Quilting a comfortable medium for Hope artistSarah Ann Smith qualifies for international event
Hope — After a quarter century of honing her craft, Sarah Ann Smith of Hope has been selected to have a quilt judged and displayed at one of the most prestigious quilting shows in the country.
The American Quilters Society Quilt Week is an internationally-known quilting expo and competition in its 30th year and Smith’s quilt titled "Conversations 1" has been selected to compete as a semi-finalist. The event in Paducah, Ky., is one of the two largest in the United States, next to a show in Houston every year, according to Smith.
“To be a semi-finalist at this competition is kind of like a seal of approval from the quilting world that I have done the work, good work and they believe that my quilts are worthy of being juried by for this event," Smith said.
Unlike traditional quilts that are made to keep warm, Smith creates pieces of hanging art.
“I am an artistic quilter,” Smith said. “I create quilts that are meant to be on the wall for people to admire. They are made out of textiles and threads, cloth batting, paint, beads rocks, feathers or whatever I feel like, to create art to hang on the wall.”
Smith said she feels the pinnacle accomplishment would be to earn one of the top honors at this year's show, but said just being one of the semi-finalist is encouragement enough.
“I have been juried into the big show in Texas and I have taught at these events as well. Obviously I would love to win one of the top prizes, but just getting this far is an honor,” she said.
Smith hasn’t always been an art quilter; it has been during the last 12 years that she has focused on this particular discipline. In a relatively short period of time Smith has reached the level to where others seek her advice because of her expertise.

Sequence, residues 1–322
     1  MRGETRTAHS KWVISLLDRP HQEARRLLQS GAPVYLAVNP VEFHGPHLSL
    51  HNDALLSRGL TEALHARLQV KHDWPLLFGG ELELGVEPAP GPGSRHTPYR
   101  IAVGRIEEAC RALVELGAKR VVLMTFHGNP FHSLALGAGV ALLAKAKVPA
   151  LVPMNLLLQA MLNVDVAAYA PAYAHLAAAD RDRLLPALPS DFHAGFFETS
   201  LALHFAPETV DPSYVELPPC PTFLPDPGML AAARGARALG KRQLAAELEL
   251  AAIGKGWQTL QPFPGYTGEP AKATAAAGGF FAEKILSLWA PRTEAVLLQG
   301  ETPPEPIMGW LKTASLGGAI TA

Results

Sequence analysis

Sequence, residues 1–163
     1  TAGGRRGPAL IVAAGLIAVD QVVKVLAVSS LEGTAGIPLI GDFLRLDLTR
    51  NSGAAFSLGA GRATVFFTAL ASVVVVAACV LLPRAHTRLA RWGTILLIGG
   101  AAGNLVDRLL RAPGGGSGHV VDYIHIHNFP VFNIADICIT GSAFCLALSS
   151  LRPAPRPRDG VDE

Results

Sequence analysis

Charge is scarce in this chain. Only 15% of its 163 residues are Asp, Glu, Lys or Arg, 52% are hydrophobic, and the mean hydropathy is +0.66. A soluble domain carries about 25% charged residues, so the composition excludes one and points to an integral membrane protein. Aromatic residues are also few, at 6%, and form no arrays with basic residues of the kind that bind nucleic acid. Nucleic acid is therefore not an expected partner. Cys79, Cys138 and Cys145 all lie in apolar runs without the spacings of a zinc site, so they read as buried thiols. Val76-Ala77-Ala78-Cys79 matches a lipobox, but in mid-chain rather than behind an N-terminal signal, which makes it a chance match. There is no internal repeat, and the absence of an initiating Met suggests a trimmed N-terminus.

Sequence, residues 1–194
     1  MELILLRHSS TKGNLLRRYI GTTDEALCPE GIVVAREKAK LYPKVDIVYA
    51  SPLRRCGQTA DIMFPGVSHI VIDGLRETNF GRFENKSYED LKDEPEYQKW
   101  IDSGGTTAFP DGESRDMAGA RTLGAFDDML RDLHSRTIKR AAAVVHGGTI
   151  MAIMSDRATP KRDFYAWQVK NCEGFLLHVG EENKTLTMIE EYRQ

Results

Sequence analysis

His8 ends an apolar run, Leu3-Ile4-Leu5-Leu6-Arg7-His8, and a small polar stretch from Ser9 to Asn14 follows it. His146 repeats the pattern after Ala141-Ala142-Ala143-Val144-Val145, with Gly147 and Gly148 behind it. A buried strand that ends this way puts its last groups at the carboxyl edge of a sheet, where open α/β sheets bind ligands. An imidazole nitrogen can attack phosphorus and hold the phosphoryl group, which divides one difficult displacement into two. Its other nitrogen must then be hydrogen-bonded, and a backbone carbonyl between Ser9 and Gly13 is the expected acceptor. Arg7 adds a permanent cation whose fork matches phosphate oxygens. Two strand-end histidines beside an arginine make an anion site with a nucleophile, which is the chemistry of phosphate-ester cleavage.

“There are a lot of quilters out there that know more than me, but I have gained enough knowledge and produced enough quality work and have been at it long enough to be able to be considered good enough to teach on the topic,” she said.
Smith said she has really started to focus on other aspects of her craft that not only apply to quilting, but other forms of art as well.
“I have really have focused on design and composition, which applies to any medium you work in,” Smith said. “An art quilt works or doesn’t work based on the same principles as photography and painting, so learning more about what to and not to do only make the quilt better.”
Smith’s semi-finalist quilt was inspired by a picture of a patio and chairs that is in the Getty Museum in Los Angeles. Smith said she was able to visit the museum and took many pictures to help recreate the image.
“I was so excited about this piece because I started with a plain white cloth and dyed it to the appropriate colors and textures,” Smith said. “The name came when I realized all the conversations going on between the architecture and the patio and chairs, the lights and darks, the ocean and the buildings, patrons, there were all sorts of conversations going on.”
The 2014 AQS Quilt Week is slated for April 23-26 and is expected to draw 30,000 people.
Three quilting authorities will judge the elite group awarding first, second, and third place prizes in 16 categories, along with nine overall awards. Winners will be announced at the show.
The American Quilter’s Society hosts seven shows annually, each with its own quilt contest. Besides the Paducah show, AQS hosts other shows in Lancaster, Pa.; Phoenix, Ariz.; Charlotte, N.C.; Grand Rapids, Mich.; Chattanooga, Tenn.; and Des Moines, Iowa.
Dwight Collins is a reporter/photographer for The Camden Herald.
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